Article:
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India, Psychology in

  1. Blanche Barnes

Published Online: 30 JAN 2010

DOI: 10.1002/9780470479216.corpsy0437

Corsini Encyclopedia of Psychology

Corsini Encyclopedia of Psychology

How to Cite

Barnes, B. 2010. India, Psychology in. Corsini Encyclopedia of Psychology. 1–2.

Author Information

  1. Mumbai, India

Publication History

  1. Published Online: 30 JAN 2010


Beginning early in the twentieth century, psychology emerged as one of the most popular professional disciplines in India. It has deep philosophical roots, far more ancient than one might suspect. In the beginning, modern Indian psychology was influenced mainly by the Wundt–Titchener tradition, which was introduced by N. N. Sengupta at Calcutta University in 1915. At about this same time, G. Bose (1886–1953) was instrumental in initiating a postgraduate course of study in psychoanalysis at this very same university. Psychoanalysis subsequently took firm roots in Indian soil when Bose established the Indian Psychoanalytical Society in 1921 in Calcutta. In the south, M. V. Gopalaswamy (1896–1957), a protégé of Spearman, instituted efforts to standardize tests of higher mental functions on the basis of Western constructs. He also spearheaded an independent Department of Clinical Psychology at the All-India Institute of Mental Health in 1955 (AIIMH, now called NIMHANS, Bangalore). In this institute, M. V. Govindaswamy (1904–1961) subsequently brought to bear the rigor of Johns Hopkins University in the United States and the Maudsley Hospital in London in the education and training of qualified clinical psychologists in India.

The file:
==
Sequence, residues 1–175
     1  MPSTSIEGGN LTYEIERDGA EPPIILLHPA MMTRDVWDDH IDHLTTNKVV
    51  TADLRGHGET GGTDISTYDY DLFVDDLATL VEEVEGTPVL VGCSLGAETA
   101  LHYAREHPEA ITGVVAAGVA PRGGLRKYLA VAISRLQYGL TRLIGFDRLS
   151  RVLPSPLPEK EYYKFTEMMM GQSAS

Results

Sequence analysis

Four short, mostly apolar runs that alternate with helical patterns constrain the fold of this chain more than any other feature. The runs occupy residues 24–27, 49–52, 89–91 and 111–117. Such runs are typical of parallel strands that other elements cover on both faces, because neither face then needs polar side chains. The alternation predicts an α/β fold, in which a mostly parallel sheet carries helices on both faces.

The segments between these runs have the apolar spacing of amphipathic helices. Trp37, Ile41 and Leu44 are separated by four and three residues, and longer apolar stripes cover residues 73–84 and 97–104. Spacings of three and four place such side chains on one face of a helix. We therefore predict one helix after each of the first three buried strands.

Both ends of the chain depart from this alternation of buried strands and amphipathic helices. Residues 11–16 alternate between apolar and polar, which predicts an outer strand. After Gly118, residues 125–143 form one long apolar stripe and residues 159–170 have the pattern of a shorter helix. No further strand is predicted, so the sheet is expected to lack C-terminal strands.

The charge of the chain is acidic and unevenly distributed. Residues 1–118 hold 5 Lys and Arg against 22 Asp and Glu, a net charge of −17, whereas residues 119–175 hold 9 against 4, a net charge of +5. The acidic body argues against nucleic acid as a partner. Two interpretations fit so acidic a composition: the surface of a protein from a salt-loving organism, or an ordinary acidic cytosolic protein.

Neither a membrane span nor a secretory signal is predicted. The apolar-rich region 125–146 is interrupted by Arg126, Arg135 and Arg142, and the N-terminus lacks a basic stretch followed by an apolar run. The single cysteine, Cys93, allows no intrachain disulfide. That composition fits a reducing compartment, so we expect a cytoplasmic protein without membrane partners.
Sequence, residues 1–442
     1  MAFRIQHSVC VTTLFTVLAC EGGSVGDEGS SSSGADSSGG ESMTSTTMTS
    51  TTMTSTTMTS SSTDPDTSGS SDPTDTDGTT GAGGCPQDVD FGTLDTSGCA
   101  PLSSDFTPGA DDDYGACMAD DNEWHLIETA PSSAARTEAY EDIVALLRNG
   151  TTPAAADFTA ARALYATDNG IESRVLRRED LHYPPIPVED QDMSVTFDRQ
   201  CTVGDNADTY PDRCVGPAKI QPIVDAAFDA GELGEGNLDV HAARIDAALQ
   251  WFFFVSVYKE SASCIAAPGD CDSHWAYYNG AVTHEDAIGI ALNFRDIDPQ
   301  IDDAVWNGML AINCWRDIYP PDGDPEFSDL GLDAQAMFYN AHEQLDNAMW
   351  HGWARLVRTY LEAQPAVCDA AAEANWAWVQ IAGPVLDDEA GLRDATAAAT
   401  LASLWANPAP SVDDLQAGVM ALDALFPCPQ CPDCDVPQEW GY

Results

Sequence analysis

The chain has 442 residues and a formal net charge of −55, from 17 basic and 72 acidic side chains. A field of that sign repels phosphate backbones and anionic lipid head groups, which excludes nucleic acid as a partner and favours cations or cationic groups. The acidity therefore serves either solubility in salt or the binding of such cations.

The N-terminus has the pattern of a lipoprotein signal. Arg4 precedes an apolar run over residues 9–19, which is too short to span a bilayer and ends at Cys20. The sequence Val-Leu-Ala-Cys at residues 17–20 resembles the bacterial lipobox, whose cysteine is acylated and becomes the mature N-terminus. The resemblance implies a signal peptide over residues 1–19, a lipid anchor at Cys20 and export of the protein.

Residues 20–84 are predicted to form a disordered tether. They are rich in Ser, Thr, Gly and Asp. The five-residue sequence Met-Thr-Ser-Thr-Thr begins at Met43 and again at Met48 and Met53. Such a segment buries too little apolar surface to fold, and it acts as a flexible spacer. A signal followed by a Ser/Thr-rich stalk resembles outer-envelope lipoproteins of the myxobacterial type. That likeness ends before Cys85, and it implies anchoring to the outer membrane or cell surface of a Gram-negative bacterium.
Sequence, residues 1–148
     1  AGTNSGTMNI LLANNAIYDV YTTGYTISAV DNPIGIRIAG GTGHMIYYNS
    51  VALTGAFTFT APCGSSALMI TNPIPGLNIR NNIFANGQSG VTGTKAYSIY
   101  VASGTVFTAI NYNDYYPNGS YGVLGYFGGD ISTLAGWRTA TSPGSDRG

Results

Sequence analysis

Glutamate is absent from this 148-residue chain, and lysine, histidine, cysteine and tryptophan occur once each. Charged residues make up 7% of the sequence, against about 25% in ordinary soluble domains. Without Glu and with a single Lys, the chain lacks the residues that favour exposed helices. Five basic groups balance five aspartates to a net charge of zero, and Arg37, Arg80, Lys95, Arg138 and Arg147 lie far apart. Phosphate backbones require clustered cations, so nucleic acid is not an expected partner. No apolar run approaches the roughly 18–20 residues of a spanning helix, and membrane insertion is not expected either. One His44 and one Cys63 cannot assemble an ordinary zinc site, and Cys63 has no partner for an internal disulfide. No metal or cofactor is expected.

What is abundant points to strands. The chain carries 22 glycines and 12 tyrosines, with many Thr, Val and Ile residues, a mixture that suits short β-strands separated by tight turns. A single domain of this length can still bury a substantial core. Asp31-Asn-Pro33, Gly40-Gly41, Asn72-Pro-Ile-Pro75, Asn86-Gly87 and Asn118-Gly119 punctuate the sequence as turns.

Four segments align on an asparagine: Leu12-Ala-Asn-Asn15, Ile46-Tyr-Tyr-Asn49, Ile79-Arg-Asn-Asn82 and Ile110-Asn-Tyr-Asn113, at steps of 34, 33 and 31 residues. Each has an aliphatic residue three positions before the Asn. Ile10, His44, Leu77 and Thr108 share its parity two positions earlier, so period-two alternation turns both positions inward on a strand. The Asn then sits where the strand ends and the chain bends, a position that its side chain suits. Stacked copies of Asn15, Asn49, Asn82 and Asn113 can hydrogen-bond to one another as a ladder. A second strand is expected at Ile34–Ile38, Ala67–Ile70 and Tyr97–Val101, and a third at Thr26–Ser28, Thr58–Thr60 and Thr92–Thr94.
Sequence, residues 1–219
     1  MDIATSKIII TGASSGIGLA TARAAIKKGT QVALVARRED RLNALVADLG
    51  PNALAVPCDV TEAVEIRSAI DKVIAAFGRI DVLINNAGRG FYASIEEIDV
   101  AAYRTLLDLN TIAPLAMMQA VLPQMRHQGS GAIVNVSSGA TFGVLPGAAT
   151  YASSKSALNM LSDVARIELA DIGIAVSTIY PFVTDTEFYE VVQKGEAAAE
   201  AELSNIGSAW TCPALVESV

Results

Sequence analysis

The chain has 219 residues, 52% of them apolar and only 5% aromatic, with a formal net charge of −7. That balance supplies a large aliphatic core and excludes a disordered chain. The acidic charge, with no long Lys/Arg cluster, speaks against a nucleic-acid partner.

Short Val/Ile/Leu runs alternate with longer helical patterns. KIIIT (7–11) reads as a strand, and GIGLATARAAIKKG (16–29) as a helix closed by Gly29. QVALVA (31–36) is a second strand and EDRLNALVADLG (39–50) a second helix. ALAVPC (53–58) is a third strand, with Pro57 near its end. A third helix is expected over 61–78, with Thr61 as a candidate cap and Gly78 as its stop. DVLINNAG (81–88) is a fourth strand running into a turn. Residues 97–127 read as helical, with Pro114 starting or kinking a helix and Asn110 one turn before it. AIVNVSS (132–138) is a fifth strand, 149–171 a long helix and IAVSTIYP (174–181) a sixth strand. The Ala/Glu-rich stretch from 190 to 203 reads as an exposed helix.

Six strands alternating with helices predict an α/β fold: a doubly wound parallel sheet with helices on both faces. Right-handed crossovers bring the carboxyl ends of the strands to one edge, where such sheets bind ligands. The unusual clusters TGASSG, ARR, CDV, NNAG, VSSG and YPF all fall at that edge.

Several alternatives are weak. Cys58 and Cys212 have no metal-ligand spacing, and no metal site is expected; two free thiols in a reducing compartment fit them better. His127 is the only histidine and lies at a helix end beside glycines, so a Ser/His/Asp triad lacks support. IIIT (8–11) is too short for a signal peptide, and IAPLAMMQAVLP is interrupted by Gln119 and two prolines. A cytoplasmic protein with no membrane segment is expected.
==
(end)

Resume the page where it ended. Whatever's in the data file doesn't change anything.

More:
• cross-cultural psychology;
  • India;
  • international psychology;
  • psychology abroad